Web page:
On February 19, 2020, the British Columbia (BC) government introduced Bill 7 – 2020: Arbitration Act (the “New Act”) to redefine and modernize arbitration proceedings in BC. By way of Order in Council, these changes will come into force on September 1, 2020, at which time the current Arbitration Act (the “Old Act”) will be repealed.
Key Changes in the New Act
The New Act consists of numerous revisions which simplify the arbitration process and provide both clarity and predictability to arbitrations in British Columbia. Some of the significant changes made in the New Act include:
- Clear Procedures for Commencing Arbitral Proceedings
If parties previously agreed on how to commence an arbitration, the New Act requires them to adhere to their agreement. If the parties have not agreed on how their arbitral proceeding will commence, the New Act will provide a clear procedure for them.
The new Act will allow parties to send one of several types of notices to another party, including notice that an arbitrator has been appointed, notice requesting the other party participate in appointing an arbitrator or notice demanding arbitration (Arbitration Act, S.B.C. 2020, c. 2, s. 8).
- Appeal Rights to the British Columbia Court of Appeal
A significant change to the new Act deals with the arbitral appeal process. The new act changes the jurisdiction to grant leave to appeal an arbitral award from the British Columbia Supreme Court to the British Columbia Court of Appeal. Leave must be sought by the parties within 30 days of the award, as opposed to the 60 day period provided under the Old Act (Arbitration Act, S.B.C. 2020, c. 2, s. 59-60).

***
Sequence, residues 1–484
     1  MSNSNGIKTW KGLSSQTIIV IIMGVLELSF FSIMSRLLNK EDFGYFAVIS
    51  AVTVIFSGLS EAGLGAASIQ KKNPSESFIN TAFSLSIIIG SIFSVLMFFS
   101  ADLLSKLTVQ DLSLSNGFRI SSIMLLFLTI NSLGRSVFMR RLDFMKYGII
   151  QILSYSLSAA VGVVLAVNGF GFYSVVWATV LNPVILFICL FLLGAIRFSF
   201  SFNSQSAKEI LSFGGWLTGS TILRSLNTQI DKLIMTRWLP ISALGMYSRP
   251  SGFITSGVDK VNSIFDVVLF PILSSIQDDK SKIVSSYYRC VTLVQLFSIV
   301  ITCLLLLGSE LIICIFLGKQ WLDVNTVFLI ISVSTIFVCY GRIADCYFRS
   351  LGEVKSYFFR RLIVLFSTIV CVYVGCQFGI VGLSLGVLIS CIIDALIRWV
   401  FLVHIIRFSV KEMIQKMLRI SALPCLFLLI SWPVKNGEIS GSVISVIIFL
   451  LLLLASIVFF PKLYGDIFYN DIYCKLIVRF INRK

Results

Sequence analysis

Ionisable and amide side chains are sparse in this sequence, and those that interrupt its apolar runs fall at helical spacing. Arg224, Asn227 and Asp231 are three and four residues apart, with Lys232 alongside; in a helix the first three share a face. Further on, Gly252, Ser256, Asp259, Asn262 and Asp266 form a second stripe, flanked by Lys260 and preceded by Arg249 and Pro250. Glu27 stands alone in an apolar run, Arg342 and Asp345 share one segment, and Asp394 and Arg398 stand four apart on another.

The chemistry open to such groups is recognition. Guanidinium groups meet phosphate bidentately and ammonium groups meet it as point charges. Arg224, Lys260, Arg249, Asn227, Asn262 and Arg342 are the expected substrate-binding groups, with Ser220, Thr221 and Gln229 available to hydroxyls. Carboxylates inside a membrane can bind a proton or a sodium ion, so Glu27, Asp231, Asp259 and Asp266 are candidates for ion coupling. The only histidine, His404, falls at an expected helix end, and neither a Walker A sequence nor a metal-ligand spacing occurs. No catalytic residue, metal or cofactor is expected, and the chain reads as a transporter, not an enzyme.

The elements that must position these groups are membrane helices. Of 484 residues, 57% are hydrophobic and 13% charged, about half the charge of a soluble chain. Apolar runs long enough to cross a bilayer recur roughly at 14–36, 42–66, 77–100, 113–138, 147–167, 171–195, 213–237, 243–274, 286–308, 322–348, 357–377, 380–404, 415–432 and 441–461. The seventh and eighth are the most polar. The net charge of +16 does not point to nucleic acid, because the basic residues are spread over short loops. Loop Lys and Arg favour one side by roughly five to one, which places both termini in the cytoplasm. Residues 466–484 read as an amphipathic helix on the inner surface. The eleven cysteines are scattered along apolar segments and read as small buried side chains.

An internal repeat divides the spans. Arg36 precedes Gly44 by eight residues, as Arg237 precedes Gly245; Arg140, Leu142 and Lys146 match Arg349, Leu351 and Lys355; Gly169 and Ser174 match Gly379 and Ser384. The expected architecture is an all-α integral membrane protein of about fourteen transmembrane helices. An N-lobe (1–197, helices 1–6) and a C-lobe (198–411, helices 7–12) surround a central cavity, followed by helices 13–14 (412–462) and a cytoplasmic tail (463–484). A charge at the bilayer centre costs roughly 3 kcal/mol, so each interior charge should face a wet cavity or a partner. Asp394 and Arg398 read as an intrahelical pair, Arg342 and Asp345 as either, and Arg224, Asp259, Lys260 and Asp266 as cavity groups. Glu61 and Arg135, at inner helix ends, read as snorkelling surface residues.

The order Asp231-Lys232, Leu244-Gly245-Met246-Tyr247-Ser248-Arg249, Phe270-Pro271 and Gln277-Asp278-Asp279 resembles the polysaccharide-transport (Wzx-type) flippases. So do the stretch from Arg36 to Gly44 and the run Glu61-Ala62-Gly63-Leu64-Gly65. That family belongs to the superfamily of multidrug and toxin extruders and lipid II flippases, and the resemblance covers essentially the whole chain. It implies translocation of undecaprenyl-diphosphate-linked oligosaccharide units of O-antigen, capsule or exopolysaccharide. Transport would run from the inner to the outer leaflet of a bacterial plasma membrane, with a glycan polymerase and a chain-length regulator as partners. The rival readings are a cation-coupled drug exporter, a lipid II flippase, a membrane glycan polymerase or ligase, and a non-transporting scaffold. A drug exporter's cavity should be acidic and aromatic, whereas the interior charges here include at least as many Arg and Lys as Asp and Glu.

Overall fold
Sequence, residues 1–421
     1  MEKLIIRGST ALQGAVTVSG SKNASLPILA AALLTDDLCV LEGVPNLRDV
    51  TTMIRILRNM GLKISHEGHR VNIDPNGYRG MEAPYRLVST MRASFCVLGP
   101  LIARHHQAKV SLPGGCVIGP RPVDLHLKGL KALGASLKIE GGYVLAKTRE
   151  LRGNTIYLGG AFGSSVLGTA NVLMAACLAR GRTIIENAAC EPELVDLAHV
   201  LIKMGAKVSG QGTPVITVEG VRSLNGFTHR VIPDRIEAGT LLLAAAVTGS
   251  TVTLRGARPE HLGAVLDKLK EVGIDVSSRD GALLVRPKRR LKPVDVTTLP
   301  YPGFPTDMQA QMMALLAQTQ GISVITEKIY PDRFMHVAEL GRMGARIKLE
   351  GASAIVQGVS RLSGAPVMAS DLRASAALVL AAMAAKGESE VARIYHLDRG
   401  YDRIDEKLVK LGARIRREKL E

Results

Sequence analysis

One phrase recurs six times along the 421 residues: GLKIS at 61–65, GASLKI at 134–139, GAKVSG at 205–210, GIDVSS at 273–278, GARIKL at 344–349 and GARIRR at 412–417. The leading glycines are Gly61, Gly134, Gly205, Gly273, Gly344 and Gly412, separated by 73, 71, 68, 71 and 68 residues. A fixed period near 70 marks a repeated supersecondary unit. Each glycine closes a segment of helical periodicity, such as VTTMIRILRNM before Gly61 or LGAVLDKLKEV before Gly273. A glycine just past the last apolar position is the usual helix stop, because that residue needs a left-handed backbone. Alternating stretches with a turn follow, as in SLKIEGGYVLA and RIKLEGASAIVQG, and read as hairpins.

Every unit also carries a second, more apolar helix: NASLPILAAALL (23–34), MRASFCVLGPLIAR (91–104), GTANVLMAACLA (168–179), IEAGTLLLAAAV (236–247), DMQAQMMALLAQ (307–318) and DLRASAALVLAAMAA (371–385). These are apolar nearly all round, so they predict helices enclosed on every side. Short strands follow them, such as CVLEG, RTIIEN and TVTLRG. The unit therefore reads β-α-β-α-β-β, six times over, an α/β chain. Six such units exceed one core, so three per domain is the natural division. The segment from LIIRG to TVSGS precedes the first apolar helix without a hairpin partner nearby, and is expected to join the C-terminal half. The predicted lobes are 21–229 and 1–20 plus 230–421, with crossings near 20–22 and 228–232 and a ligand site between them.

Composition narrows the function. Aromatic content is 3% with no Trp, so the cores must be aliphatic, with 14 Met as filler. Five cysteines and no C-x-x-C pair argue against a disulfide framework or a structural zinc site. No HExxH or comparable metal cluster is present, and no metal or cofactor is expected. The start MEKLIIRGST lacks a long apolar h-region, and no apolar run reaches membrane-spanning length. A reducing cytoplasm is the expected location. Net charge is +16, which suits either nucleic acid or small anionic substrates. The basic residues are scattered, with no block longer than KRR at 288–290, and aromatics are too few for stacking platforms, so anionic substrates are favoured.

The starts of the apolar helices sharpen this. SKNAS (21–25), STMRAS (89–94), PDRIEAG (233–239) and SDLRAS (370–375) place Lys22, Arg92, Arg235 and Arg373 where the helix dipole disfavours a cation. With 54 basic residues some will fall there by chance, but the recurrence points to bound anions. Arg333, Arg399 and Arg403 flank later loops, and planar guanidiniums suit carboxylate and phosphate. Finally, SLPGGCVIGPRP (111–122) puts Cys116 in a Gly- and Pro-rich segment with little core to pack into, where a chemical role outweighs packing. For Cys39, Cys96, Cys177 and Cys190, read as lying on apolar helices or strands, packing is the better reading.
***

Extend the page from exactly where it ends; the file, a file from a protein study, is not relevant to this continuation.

Under the New Act, unless agreed upon by the parties, proceedings will be conducted in private and kept confidential. As a result, both the parties and arbitrator are prohibited from disclosing information about the proceedings, evidence, documents, or the award (Arbitration Act, S.B.C. 2020, c. 2, s. 63).
- Interim Measures and Preliminary Orders
Under the New Act, there is now a clear process for obtaining and enforcing interim measures and preliminary orders. Parties may request specific orders as interim measures, such as orders for the provision of security for costs, preservation of assets and preservation of evidence.
The New Act also grants a specific regime under which parties may request interim measures as a preliminary order. The arbitrator may allow a request if disclosure of the request risks frustrating the purpose of the interim measure. (Arbitration Act, S.B.C. 2020, c. 2, s. 41-43).
- Enforcement of Arbitral Awards from Other Provinces
Parties will now be able to apply to the BC Supreme Court to recognize and enforce arbitral awards made in another Canadian jurisdiction (Arbitration Act, S.B.C. 2020, c. 2, s. 61).
Being aware of the changes made under the New Act is essential if you are considering arbitration as your dispute resolution process. The lawyers at Sodagar & Co. can use their extensive experience and knowledge to assist you in determining whether arbitration is right for you.